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The thinking behind the British government’s new coronavirus approach

Their initial strategy would likely have resulted in 250,000 deaths as the infections would overwhelm intensive care

March 17, 2020

5:07 PM

17 March 2020

5:07 PM

As the British public adjust to new social distancing measures, a common question: how long will this last? At the press conference on Monday, Chief Medical Officer Chris Whitty was eager to stress that the government measures to tackle the coronavirus resemble a ‘marathon not a sprint’. While the elderly have been told they could need to self-isolate at least for three months, increasingly the view in government is that the coronavirus response will go on much longer.

The UK government’s initial strategy was to mitigate the virus and allow for a controlled peak of the virus in the summer — around June — and in the build up cocoon vulnerable sections of society so as to reduce fatalities. On Monday, Johnson drastically increased social distancing measures affecting the whole country — from working from home to avoiding pubs and restaurants. A report from the Imperial College COVID-19 response team advising the government has revealed some of the thinking behind the approach.

They modeled different strategies for dealing with the coronavirus. The first — to do nothing — would result in 81 percent of the population becoming infected and 510,000 deaths by August. The second was mitigation — which is what the British government appears to have been practicing over the past week — by protecting vulnerable groups which would likely result in 250,000 deaths as the infections would overwhelm intensive care. Feeding into the revised effectiveness of the mitigation strategy is intelligence from Italy that shows a much higher percentage than anticipated who become infected require intensive care — with around 30 percent requiring ventilators or ECMO machines. This information has changed the calculations being made over the National Health Service’s ability to respond.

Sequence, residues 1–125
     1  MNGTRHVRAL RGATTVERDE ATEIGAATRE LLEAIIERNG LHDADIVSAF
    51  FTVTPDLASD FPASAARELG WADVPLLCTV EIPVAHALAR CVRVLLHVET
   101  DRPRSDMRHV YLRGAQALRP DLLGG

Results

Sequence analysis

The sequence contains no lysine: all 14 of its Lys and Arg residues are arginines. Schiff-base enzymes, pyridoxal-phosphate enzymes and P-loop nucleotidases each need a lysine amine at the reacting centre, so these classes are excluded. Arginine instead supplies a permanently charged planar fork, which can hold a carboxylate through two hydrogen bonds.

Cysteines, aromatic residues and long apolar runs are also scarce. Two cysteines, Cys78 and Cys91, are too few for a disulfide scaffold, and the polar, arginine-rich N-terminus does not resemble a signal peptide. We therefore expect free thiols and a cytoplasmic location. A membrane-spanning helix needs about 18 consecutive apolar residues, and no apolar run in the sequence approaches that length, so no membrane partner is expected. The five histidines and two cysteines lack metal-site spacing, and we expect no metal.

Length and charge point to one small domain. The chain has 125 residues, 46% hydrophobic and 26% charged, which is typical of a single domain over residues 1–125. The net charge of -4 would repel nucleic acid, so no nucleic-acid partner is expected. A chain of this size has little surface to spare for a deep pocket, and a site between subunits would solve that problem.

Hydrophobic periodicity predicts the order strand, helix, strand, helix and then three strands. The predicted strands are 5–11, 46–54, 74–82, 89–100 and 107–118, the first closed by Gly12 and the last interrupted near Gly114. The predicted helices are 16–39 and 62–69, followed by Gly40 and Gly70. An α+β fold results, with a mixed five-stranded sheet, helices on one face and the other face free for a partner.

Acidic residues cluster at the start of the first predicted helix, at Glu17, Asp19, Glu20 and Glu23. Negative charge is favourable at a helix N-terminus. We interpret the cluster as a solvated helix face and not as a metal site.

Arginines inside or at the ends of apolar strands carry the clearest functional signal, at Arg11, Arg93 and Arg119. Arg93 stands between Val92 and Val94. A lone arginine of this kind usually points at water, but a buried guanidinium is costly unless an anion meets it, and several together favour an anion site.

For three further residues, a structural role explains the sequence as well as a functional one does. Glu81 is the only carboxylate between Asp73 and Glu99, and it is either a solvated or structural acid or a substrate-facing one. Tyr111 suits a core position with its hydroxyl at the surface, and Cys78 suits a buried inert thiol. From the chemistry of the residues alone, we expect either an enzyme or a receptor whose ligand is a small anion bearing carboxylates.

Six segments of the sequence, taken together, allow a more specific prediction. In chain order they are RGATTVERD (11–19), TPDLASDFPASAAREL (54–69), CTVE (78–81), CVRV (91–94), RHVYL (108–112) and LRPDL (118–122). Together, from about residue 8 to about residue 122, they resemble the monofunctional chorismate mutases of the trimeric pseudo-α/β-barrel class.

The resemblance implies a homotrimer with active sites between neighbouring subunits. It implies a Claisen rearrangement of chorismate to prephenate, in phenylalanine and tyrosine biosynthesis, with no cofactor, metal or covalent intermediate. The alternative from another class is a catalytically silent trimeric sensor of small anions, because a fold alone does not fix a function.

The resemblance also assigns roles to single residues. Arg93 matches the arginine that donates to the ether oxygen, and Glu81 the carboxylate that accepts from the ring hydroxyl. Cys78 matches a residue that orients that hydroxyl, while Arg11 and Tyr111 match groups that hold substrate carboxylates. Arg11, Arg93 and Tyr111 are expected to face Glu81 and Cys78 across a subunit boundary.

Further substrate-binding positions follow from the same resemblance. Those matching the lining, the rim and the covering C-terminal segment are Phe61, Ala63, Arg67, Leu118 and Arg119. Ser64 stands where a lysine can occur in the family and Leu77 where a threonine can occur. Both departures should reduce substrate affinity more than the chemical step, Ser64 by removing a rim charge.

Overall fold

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The third response is that which is currently being practiced in China: suppression. This involves countries going into lockdown and extreme social distancing. If practiced, the report suggests it could limit fatalities to tens of thousands if not thousands — ‘suppression is the only viable strategy at the current time’. However, the big issue with suppression is there is no end date. Given that it doesn’t lead to herd immunity, it rests on a vaccination arriving sooner rather than later. The report estimates that this could take 18 months — as soon as you lift the measures there is an expectation that the virus will spread again.

This is why for all the talk of a few months of social distancing, UK Members of Parliament are now anticipating this could be a year-long project if not longer. However, even if the government concludes this is the only option, enforcing it will bring up fresh issues. Whether the public will go along with prolonged social distancing is unclear — it would likely have to be enforced by law. It could be that there are brief periods people are allowed to socialize before the country is effectively put back into lockdown. This afternoon British chancellor Rishi Sunak appeared at the daily press conference to announce an economic package of business loans worth over £330 billion ($398 billion). These include a new lending facility, agreed with the governor of the Bank of England, and an extension of the new business interruption loan scheme to provide borrowing of up to £5 million ($6m), rather than the initial promise of £1.2 million ($1.4m), as well as a three-month mortgage holiday

This article was originally published on The Spectator’s UK website.


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